How would you describe your work in three words Christabel?
Minimal, observational, colourful
What is your earliest memory surrounding the art world?
We used to have a tiny deKooning in our house which I remember so vividly. A distant relative was in a relationship with him so we managed to acquire it. I don’t think my parents have it any more though. Fools!
What is your studio like? Do you listen to anything while you work or have any other rituals?
My studio is in an old purpose built Victorian building for bachelor artists at the turn of the centrury. It has a large window with lots of north light and is full of colour. Depending on what I’m painting I listen to music, podcasts or audiobooks all day, I rarely work I silence. If I’m filling in background I can listen to an audiobook but if I’m being creative I need music. I get through a lot of books this way, otherwise 5 minutes before bed each night just wouldn’t cut it. I like to discover new music so I’m always on Spotify radio, or Shazamming 6 music tracks.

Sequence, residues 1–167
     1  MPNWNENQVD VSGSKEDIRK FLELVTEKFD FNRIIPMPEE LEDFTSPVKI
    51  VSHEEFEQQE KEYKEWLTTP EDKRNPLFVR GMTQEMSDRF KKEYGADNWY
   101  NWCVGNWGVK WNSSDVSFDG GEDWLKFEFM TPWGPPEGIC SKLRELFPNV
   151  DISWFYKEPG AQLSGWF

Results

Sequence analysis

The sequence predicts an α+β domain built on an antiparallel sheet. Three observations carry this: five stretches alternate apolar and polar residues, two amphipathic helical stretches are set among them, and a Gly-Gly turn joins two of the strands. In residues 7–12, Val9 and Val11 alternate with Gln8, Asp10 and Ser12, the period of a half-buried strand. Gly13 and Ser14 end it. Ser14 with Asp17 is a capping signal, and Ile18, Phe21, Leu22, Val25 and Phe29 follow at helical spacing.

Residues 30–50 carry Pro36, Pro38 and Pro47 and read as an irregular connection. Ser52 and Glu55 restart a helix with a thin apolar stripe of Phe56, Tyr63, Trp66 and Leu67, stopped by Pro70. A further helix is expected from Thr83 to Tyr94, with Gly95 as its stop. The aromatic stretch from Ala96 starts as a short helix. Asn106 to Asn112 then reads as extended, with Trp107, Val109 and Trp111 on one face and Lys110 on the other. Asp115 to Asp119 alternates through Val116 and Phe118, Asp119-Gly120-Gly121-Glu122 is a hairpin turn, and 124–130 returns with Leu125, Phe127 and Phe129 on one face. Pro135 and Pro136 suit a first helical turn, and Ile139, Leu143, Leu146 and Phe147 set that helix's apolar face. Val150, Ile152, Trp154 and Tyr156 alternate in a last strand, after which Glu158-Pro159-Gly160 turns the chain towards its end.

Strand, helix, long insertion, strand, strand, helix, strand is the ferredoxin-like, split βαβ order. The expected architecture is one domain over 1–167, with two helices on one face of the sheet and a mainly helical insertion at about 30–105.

This is a tricky one I know! - If you could own any piece of artwork, what would that work be, and where would you hang it Christabel?
It IS a hard question because the answer changes depending on one’s mood. I don’t think I’d ever be sad if I had Hockney’s Bigger Splash transporting me to sunny California every day. But I would have one of Rothko’s Seagram Murals which id hang in my barn conversion I hope to do one day. What do you think are the chances?? I often stand in the Rothko room at the Tate and soak up their grounding energy.
What is one thing people would be surprised to know about you and your work Christabel?
I work almost entirely from photographs. I’m also not a colour theorist, I know hardly anything about colour but I feel it instinctively.
Can you select a piece of your work and tell me about it?
‘What am I Supposed to See’, is a portrait of a stranger I saw in the Tate Britain. She represented everything I love about visiting a gallery. The solitary time to be alone with oneself and with the work, it challenges ideas about identity, hers, mine, and the viewers. Self-reflection is a big part of my work, inviting the viewer to exchange places with the subject and the artist. As soon as galleries open again I want to do more paintings like this one.